Details

New Library World, vol. 65 no. 10
Type: Research Article
ISSN: 0307-4803

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Article
Publication date: 17 February 2021

Shiji Lyndon and Ashish Pandey

Entrepreneurship literature has not sufficiently explored the process of how, at different points in time, different members of the co-founding team emerge as leaders. The…

Abstract

Purpose

Entrepreneurship literature has not sufficiently explored the process of how, at different points in time, different members of the co-founding team emerge as leaders. The purpose of this paper is to deconstruct the phenomenon of shared leadership emergence process amongst co-founders in entrepreneurial teams.

Design/methodology/approach

The study adopted a qualitative approach. 21 co-founders from 7 entrepreneurial teams participated in the study. In-depth interviews were conducted. The data were analysed using Nvivo 11 software.

Findings

The study elaborates the process model of shared leadership emergence. The study found that shared interpersonal cognition and trust amongst the co-founders lead to claiming and granting of leadership. The findings also illustrate various strategies used by co-founders to emerge as leaders.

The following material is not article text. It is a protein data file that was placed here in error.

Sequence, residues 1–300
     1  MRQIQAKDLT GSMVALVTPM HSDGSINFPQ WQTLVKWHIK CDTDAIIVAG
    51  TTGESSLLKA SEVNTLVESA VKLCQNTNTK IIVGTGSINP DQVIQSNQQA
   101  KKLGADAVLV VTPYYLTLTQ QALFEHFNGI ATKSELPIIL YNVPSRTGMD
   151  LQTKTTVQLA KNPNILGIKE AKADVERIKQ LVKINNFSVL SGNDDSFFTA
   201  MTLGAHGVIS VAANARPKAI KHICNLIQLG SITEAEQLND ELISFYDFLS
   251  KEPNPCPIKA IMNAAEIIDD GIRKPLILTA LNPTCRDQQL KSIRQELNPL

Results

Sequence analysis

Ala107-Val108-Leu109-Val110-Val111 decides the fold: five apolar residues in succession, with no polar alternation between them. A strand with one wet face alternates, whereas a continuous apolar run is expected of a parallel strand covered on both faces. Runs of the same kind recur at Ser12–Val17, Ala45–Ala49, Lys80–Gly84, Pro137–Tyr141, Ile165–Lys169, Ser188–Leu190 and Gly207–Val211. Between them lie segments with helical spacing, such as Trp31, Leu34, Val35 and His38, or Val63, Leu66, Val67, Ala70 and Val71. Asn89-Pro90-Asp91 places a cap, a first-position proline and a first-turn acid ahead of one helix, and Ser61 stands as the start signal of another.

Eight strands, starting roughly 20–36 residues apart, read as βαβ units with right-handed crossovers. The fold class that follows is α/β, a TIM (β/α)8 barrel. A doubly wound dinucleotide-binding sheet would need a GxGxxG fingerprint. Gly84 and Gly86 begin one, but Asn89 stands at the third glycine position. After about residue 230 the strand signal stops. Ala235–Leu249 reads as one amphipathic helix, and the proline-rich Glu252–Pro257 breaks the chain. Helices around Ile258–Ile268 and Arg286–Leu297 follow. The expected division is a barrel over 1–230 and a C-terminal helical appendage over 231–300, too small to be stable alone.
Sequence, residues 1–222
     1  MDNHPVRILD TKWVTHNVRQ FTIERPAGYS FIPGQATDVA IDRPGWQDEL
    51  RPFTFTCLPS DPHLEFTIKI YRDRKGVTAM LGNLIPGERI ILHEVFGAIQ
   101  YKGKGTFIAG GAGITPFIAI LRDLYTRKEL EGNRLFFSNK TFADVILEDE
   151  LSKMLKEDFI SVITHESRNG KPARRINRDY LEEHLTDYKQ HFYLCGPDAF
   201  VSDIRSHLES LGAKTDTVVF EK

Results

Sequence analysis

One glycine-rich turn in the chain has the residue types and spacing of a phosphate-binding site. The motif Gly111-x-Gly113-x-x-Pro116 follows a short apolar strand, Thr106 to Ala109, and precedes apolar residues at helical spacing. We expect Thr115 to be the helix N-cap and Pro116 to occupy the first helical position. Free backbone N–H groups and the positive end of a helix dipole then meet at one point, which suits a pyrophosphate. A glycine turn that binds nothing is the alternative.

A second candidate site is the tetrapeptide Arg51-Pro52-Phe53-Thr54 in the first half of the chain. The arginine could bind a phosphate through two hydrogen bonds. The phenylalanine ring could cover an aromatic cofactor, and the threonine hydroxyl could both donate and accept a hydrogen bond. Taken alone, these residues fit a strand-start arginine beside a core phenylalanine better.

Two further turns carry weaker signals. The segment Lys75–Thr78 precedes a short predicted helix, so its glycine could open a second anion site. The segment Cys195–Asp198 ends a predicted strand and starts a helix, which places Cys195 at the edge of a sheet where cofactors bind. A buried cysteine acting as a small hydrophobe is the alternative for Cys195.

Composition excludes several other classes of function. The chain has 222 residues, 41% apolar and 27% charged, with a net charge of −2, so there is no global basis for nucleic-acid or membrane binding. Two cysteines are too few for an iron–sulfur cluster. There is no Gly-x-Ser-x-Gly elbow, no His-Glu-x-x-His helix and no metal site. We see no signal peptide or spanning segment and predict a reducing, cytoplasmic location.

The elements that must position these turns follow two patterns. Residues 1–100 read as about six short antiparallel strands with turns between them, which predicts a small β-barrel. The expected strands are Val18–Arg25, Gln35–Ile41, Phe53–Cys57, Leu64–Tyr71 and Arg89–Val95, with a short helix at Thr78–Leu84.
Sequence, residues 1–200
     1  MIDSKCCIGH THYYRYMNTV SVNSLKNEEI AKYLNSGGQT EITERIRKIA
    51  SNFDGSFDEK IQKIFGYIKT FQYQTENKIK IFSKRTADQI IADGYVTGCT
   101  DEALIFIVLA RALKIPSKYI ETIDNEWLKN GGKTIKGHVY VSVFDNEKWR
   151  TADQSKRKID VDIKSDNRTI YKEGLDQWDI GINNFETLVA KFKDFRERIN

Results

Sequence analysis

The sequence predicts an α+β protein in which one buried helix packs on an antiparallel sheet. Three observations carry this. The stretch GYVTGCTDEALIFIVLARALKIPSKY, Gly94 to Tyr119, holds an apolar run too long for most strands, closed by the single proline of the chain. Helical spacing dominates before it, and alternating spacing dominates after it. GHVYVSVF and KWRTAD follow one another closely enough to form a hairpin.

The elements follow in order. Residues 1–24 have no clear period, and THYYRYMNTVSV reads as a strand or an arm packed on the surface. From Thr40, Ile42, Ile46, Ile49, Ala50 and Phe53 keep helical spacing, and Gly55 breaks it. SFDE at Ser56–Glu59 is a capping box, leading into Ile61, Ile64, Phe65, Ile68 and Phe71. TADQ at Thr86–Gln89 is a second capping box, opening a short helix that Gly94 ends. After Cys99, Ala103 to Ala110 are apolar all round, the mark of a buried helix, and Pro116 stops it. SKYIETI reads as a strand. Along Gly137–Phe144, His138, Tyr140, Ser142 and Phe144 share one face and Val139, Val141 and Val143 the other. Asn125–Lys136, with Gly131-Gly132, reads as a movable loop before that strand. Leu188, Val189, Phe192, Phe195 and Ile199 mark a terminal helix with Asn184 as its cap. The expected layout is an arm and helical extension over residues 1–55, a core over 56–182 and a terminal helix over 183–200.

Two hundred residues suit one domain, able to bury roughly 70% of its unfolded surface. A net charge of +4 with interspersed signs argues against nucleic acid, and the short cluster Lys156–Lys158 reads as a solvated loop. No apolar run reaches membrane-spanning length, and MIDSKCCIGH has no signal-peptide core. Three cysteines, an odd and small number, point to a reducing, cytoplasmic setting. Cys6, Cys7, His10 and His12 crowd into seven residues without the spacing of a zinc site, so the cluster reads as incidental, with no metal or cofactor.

Practical implications

The findings provide key insights to entrepreneurial teams by illuminating what kind of leadership dynamics should be developed, right from the initial stages of the venture. Also, the findings would be beneficial to investors, mentors and coaches of the entrepreneurial teams and ventures, by highlighting team dynamics to be considered before making any investment or team development decisions.

Originality/value

The inductive approach adopted in the study helps in understanding the process of shared leadership emergence in entrepreneurial teams, which is not adequately answered by previous studies. The study extends both shared leadership and entrepreneurship literature by providing a process theory of leadership emergence.

Details

Journal of Small Business and Enterprise Development, vol. 28 no. 3
Type: Research Article
ISSN: 1462-6004

Keywords